‘In the middle of the operation, my colleague said he had to go – it was his home time’ – Telegraph

"Senior doctor Tony Strong, 37, works an 80-hour week, despite a recent European ruling that it should be no more than 48." Mr Strong is against the European working time directive, but I'm not convinced that a return to knackered junior doctors treating patients is a good thing either.
(tags: law medicine europe surgery employment)

Link blog: funny, pope, politics, richard-dawkins

‘Richard Dawkins: I will arrest Pope Benedict XVI’ by Marc Horne – TimesOnline – RichardDawkins.net

Dawkins Our Leader: "Needless to say, I did NOT say "I will arrest Pope Benedict XVI" or anything so personally grandiloquent. You have to remember that The Sunday Times is a Murdoch newspaper, and that all newspapers follow the odd custom of entrusting headlines to a sub-editor, not the author of the article itself. What I DID say to Marc Horne when he telephoned me out of the blue, and I repeat it here, is that I am whole-heartedly behind the initiative by Geoffrey Robertson and Mark Stephens to mount a legal challenge to the Pope's proposed visit to Britain."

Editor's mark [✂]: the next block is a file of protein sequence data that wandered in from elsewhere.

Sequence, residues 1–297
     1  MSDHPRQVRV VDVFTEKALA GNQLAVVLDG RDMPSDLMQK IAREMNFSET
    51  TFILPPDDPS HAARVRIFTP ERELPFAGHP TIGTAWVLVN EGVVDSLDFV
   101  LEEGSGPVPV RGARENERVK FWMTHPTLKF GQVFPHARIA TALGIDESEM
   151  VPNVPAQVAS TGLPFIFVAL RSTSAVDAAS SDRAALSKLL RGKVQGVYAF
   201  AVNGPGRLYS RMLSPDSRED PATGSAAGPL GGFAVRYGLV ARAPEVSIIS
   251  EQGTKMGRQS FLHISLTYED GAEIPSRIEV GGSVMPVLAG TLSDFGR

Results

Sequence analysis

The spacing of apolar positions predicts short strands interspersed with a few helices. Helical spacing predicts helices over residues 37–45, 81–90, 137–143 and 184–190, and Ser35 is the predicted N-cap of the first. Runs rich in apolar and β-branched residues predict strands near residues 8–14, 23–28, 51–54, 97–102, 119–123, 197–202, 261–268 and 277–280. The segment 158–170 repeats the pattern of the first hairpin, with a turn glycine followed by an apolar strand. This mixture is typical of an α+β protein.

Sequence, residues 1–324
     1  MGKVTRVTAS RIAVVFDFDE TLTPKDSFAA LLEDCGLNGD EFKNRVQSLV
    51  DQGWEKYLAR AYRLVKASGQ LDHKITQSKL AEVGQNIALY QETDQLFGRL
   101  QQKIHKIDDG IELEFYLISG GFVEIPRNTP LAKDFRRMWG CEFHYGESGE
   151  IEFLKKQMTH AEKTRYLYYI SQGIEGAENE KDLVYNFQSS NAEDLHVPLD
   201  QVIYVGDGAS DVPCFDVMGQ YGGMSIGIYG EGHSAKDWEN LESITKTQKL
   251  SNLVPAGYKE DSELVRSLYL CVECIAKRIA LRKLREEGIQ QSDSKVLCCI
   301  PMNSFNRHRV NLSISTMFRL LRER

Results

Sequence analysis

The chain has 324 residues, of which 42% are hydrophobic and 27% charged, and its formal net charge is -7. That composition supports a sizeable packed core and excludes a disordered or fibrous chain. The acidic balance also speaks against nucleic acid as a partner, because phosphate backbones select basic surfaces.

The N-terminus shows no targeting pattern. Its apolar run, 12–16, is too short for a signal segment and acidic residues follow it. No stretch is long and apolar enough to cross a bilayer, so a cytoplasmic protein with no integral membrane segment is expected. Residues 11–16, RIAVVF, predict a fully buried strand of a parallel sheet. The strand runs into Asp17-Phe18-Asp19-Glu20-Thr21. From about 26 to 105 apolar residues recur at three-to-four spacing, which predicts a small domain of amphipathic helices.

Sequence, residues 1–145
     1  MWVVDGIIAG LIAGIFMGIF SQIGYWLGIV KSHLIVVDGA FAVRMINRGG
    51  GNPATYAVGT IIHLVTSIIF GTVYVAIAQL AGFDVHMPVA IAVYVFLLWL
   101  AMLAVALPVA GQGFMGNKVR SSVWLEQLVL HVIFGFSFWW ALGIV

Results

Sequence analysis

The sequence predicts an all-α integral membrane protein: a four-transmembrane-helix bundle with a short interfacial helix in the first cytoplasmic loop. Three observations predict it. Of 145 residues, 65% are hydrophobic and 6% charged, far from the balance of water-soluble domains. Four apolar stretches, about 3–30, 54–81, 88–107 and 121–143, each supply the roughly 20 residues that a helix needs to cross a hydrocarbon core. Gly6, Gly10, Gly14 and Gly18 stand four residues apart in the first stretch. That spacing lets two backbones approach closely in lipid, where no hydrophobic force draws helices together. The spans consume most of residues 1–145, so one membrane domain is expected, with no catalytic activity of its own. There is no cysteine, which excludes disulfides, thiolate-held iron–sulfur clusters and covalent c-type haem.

(tags: richard-dawkins pope catholic abuse children ratzinger law uk politics dawkins)

Christian faith and modern British politics, a layman’s view

Mattghg has a post on the role of faith in politics. He mentions an illiberal attitude taken by Labour (they wanted to reverse an amendment which said that discussion or criticism of sexual conduct or practices or the urging of persons to refrain from or modify such conduct or practices shall not be taken of itself to be threatening or intended to stir up hatred). Robhu and I are having an interesting chat in the comments, concerning whether Britain is a Christian country, among other things.